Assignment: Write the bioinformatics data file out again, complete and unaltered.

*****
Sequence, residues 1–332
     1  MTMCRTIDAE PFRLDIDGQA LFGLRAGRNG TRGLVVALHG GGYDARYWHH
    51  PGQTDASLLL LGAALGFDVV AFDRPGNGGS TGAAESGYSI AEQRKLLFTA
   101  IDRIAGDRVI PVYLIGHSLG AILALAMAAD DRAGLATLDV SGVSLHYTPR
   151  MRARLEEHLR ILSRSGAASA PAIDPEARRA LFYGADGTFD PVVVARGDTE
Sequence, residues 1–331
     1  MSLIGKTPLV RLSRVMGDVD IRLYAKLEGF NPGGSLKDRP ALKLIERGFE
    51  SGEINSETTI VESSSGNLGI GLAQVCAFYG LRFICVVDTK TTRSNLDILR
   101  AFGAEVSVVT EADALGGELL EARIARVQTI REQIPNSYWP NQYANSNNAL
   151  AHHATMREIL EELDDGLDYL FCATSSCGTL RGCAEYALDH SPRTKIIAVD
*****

Sequence, residues 1–332
     1  MTMCRTIDAE PFRLDIDGQA LFGLRAGRNG TRGLVVALHG GGYDARYWHH
    51  PGQTDASLLL LGAALGFDVV AFDRPGNGGS TGAAESGYSI AEQRKLLFTA
   101  IDRIAGDRVI PVYLIGHSLG AILALAMAAD DRAGLATLDV SGVSLHYTPR
   151  MRARLEEHLR ILSRSGAASA PAIDPEARRA LFYGADGTFD PVVVARGDTE
Sequence, residues 1–331
     1  MSLIGKTPLV RLSRVMGDVD IRLYAKLEGF NPGGSLKDRP ALKLIERGFE
    51  SGEINSETTI VESSSGNLGI GLAQVCAFYG LRFICVVDTK TTRSNLDILR
   101  AFGAEVSVVT EADALGGELL EARIARVQTI REQIPNSYWP NQYANSNNAL
   151  AHHATMREIL EELDDGLDYL FCATSSCGTL RGCAEYALDH SPRTKIIAVD